Former NHL star PK Subban speaks out: players shouldn't be forced to be activists

Subban believes it's important to respect individual choices and not coerce players into activism.

Former NHL star PK Subban speaks out: players shouldn't be forced to be activists
The Canadian Press / Paul Chiasson
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Former National Hockey League superstar PK Subban has voiced his opinion on the growing trend of pushing athletes into activism roles, stating that players should not be forced to take part. In a recent interview with Reuters, Subban shared his thoughts on the matter, emphasizing the importance of respecting individual choices.

Subban, a long-time advocate for inclusivity and equality, addressed the issue of players being expected to wear Pride jerseys as part of the league's efforts to promote diversity and acceptance. He argued that while it's essential to support such initiatives, players should be allowed to make their own decisions without facing pressure or judgment.

“We cannot push everyone to be an activist, we need to be very careful,” Subban told Reuters. “I feel people pick and choose what they want to talk about and I don't like it when we put the onus on athletes to be activists.”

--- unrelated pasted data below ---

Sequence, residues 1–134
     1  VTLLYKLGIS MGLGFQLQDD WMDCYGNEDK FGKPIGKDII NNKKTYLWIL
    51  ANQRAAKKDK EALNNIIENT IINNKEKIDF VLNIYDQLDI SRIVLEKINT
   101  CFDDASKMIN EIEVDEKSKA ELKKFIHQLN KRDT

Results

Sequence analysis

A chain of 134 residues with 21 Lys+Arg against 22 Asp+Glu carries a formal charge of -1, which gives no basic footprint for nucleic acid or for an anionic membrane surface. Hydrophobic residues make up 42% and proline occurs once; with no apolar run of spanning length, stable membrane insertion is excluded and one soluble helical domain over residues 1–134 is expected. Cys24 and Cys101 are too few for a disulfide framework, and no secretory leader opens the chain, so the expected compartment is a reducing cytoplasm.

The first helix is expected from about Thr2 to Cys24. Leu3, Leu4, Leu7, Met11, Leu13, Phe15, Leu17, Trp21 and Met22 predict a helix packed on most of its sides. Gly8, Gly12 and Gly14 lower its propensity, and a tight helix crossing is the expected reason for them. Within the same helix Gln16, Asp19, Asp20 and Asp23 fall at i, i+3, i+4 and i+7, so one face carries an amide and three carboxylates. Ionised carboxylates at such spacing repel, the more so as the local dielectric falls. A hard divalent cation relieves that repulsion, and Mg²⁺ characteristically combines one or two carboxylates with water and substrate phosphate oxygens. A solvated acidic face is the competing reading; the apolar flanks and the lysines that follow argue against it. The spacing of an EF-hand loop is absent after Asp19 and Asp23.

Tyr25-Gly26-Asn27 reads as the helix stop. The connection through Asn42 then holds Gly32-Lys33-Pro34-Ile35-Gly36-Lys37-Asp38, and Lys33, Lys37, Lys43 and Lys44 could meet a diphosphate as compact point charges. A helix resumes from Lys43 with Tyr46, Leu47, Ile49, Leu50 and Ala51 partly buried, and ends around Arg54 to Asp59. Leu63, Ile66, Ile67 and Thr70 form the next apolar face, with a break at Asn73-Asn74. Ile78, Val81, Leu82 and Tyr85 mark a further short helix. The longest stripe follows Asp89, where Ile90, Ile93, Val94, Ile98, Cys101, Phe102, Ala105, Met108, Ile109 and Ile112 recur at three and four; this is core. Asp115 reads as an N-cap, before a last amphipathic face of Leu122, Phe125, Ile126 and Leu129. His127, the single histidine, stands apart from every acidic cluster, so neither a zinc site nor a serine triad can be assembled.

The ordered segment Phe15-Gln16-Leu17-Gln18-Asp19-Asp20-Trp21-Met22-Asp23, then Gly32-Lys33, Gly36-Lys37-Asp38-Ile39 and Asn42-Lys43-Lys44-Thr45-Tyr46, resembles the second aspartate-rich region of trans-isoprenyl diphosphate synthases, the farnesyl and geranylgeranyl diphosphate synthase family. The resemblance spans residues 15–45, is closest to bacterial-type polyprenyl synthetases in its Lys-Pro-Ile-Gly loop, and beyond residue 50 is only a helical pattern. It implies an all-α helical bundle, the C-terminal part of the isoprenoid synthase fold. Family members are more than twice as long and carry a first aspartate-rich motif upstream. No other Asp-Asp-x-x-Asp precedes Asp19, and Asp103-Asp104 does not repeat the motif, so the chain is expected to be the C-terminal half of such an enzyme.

Responding to recent controversy surrounding Pride night jerseys, the three time All-Star said it wasn't about “being right or wrong to wear the jersey, we have just got to be very careful how we push players to do things,” and that “[y]ou can support the LGBTQ community without having to wear a hat, a t-shirt or a jersey.”

Critics argue that a favourite NHL team or player failing to support Pride initiatives could cause LGBTQ hockey fans to feel unwelcome at arenas, a claim Subban dismissed in the interview with Reuters.

The blame, he said, lies with the legacy media.

“The people that write the articles, the people that push certain narratives in the media they have to be held accountable,” Subban said. “There's many players in the league that have started programs — why aren't the media talking about that.”

Despite there being “a lot of positive stories out there,” Subban says “there are people in the media who have the responsibility to do their job a certain way and they don't.”

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  • By Ezra Levant

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